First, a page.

Tell us about yourself and how many books you have written.
Hi, and thanks for having me!
One of my first memories is of sitting with a book in my hand and discovering I could read it by myself. It was Hop on Pop from Dr. Seuss (I’m still a fan of all things Seuss!) and I quickly progressed from the I Can Read books to vintage children’s books I found wandering the stacks of large used bookstores my parents took me to. Honey Bunch and norman, The Happy Hollisters and The Bobbsey Twins were quickly followed by Nancy Drew, The Hardy Boys, The Dana Girls, and Cherry Ames.
Then one day as I was browsing the stacks, I discovered The Phantom Tollbooth. That led me to a lifelong love of genre fiction as I began to explore further afield. Then one day a teacher spent the year reading from The Wonderful Flight to the Mushroom Planet. The entire class was enthralled and we began to make up scenarios as to what we thought would happen next, so she sat us down in class one day with something that changed my life. She told us to write our own story.
Wow! Kids could grow up to be real writers too! This was a huge revelation to my child self. Thirty years later, here I am. I’ve been a translator, an editor, a short story author, and now, a novelist. Under my Leona Windwalker pen name, I currently have two novels and a short story in The New Beginnings Series, a free short for the Goodreads MMRomance Group’s Love is an Open Road event, a short story in a charity anthology, and have three works in progress. My muse is relentless, I tell you.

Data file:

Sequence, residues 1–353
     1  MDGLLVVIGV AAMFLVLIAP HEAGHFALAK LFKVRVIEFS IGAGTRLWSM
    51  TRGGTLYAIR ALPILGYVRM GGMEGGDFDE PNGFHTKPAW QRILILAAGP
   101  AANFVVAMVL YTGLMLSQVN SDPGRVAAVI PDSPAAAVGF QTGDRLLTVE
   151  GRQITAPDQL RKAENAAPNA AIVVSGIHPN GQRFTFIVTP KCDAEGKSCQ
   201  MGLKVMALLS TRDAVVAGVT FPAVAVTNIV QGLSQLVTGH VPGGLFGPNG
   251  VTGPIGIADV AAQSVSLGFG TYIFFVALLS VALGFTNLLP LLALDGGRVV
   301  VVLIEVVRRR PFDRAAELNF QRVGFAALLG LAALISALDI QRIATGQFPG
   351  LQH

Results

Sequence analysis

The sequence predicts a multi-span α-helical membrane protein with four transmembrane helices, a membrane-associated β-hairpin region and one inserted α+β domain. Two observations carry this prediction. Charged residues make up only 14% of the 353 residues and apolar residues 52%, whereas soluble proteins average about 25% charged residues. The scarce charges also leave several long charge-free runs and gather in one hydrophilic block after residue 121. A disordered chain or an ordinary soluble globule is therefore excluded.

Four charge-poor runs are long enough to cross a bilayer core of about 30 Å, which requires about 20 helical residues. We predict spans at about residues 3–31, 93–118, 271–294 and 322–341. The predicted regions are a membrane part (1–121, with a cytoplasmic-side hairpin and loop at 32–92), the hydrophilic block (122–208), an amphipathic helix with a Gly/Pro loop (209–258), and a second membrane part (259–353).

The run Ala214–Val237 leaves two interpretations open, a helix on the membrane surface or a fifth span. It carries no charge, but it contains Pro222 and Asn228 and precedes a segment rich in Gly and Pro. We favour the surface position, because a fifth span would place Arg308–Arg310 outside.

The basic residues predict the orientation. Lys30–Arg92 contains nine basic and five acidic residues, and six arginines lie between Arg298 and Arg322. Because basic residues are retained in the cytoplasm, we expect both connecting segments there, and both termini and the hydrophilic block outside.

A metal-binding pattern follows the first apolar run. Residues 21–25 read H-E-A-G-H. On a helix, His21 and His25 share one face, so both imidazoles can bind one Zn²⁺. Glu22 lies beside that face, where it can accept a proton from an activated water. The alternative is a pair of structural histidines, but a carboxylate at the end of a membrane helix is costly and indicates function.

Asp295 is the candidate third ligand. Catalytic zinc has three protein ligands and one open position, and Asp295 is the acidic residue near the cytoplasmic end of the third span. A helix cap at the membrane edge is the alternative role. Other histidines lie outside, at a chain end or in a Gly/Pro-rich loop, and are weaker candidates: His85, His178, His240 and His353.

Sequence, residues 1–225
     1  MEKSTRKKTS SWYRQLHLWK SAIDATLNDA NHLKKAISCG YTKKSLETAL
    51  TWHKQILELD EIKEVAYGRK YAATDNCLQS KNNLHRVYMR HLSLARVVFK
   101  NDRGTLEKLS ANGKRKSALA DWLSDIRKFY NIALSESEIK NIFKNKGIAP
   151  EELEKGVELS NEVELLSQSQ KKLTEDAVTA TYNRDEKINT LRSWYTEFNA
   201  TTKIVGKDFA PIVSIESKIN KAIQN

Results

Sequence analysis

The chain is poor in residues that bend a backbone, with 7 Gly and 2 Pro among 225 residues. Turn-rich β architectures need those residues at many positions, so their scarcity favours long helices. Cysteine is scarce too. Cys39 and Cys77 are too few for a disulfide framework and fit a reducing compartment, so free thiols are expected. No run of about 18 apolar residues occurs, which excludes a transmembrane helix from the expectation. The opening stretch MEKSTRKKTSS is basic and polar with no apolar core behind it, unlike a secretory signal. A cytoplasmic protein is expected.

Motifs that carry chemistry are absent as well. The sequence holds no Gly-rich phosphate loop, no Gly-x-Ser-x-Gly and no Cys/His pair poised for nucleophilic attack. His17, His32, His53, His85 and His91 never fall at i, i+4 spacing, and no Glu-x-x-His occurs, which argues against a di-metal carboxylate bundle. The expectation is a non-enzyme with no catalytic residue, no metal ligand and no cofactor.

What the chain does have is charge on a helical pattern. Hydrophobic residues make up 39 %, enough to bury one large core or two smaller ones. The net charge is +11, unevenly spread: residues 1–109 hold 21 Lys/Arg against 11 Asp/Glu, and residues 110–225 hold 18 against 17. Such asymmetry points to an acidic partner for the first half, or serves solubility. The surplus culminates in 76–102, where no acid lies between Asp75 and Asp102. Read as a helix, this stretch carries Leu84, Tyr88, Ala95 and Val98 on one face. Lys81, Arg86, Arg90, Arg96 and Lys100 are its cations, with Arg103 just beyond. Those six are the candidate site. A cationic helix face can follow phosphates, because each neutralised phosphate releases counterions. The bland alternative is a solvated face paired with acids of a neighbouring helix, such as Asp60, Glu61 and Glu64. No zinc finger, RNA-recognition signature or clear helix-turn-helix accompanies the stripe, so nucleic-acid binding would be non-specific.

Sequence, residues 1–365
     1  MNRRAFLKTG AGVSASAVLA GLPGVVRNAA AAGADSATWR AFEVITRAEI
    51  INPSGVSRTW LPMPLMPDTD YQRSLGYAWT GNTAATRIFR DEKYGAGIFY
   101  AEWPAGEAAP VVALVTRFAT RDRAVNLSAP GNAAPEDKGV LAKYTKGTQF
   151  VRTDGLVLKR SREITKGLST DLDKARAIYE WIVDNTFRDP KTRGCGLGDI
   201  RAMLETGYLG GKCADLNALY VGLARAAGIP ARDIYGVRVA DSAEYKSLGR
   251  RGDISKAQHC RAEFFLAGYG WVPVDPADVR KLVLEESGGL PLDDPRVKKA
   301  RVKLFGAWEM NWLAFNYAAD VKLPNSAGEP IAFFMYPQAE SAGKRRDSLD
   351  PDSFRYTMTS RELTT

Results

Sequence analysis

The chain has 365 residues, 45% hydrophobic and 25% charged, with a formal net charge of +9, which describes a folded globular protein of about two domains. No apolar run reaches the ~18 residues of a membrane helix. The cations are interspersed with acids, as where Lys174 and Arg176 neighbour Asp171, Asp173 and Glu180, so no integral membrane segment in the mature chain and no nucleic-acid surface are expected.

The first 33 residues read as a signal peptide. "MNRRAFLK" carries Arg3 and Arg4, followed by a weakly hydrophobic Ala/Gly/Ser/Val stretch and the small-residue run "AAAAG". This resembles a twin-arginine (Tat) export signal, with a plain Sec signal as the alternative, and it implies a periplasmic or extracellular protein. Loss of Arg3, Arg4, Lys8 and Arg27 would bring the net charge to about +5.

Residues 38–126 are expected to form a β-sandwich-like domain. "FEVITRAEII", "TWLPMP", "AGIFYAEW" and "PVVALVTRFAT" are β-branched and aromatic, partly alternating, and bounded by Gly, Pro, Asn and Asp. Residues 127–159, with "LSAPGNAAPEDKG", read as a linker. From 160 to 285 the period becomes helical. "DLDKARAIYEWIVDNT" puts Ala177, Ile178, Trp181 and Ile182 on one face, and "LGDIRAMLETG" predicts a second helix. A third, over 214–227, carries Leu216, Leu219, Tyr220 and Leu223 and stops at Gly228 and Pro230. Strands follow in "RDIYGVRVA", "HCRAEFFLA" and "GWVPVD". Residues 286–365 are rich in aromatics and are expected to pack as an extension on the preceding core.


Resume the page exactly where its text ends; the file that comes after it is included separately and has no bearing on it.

What is the name of your latest book and what inspired it?
My latest completed book is Ben’s Beginning, book 2 of the New Beginnings Series. I was inspired by the idea of redemption. In Book 1, Sol’s Solstice, Ben’s thoughtlessness led to dire consequences for his twin brother Sol. Readers hated him with a passion for what happened to Sol, even though he too suffered and eventually acted at great personal risk to save his brother and himself. Sol didn’t blame Ben though. Well, not entirely.
Ben blamed himself though, as much as the readers did, and I wanted to focus on how guilt can drive a person. Ben works hard to redeem himself, and I’m happy that fans not only forgave him, but fell in love with him as much as they have his brother Sol. I’m a sucker for happy ever afters, so Ben’s redemption kept me up late at nights until I had it all down. Until it was all written out, it hadn’t happened, and my characters feel quite real to me as I write them.
Do you have any unusual writing habits?
I do playlists for each book and listen as I type away. the music actually spurs me on and I hear the Muse more loudly. For example, with my next upcoming book, the words simply refused to flow without Petula Clark and Motown hits from the ’60’s playing in the background. I also go through food phases. With Sol’s Solstice, I had to have sour dummies, raisins, salted peanuts to munch as I wrote, along with marshmallow mochacinos. With Ben, it was sesame seed bagels, Oreos, and hot milky Caro to drink.
What authors, or books have influenced you?
Wow. That’s a LOOOOOOOONG list. I’d have to say my biggest influences would have to be Mary Calmes, Andrew Grey, Isaac Asimov, Ursula K. Le Guin, Robert Heinlein, Anne Rice, and Anne McCaffery.